HOW DO I GET A JUMP ON THE TOMATO-GROWING SEASON? By starting the seeds indoors. Have a look at these seed-starting tips which usually produce strong, healthy seedlings — the kind that are worth planting outdoors when warm weather (finally) arrives:
Tip #1: Timing is everything, so don’t start the seeds too early. The best plan is to count backwards 5-6 weeks from your last average spring frost, and sow the seeds then. The National Climatic Data Center will tell you your last average frost date. Here in the Hudson Valley, zone 5-b, the time to start tomatoes is April 17.
Tip #2: Fluorescent lights are absolutely essential. You certainly don’t need expensive, high-intensity types. I use cheap, $10 fixtures outfitted with pairs 48-inch “cool white” tubes. (Yes, I’ve had to kick the African violets out of my study in order to accommodate the tomatoes). Set your flat of tomatoes under the center of the tubes, for this is where the light is strongest. Raise the pots or lower the lights to maintain a distance of not more than 2-inches between seeds (or seedlings) and lights. Tomatoes do best with 16 hours of daily illumination.
Tip #3: Use heat-mats, which produce warmth underneath the seedlings, only if you are growing the tomatoes in an extremely cold room. Experience has shown that mats are not essential in a room that stays around 65F, or slightly cooler. The bit of heat generated by the fluorescent tubes will sufficiently warm the soil and encourage germination.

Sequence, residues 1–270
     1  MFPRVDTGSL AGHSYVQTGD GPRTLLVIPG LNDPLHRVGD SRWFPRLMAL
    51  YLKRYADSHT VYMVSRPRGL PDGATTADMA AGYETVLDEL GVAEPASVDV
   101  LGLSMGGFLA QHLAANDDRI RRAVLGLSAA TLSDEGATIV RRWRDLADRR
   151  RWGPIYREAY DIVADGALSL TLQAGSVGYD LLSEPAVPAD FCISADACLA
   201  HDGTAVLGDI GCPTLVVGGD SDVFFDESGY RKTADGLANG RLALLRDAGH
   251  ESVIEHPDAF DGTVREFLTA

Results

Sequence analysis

Tip #5: Choose the right containers. These should be at least 2-inches deep, and have a drainage hole in the bottom. I use recycled cell packs, first washed in the dishwasher. I also use 3-inch biodegradable pots. Biodegradable pots (including peat) eliminate the need to knock the seedling out before transplanting outdoors.
Tip #7: Water exclusively from the bottom. Top watering can dislodge seeds, and wash out soil which is covering roots. To water from the bottom, I set peat pots in a deep bowl of room-temperature water, until both pot and water become saturated. Place cell packs in a deep tray of water. Never leave pots or cell packs in standing water.
Tip #8: Provide humidity. I place a clear plastic dome over my planted containers until seeds germinate. Then I gradually accustom them to fresh air and less humidity over the course of a week by removing the lid for increasing numbers of hours each day.
Tip #9: Fertilize. When seedlings have grown their first “true” leaves, feed them with a 1/4 tsp. high-phosphorous solution dissolved in a gallon of room-temperature water. I use Jack’s 10-30-20. As before, provide this food from the bottom, not the top.
Tip #10: Harden-off gradually. Before transplanting to the open garden (and this should be when the soil approaches 70F, late-May here), bring the young plants outdoors to a shaded location that is sheltered from wind. I set mine on the covered porch. Then gradually introduce them to increasing amounts of sun over the course of a week.
I’ll update this post with more photos as my own seedlings germinate and grow.
Have you already started your tomato seeds? How are they doing?
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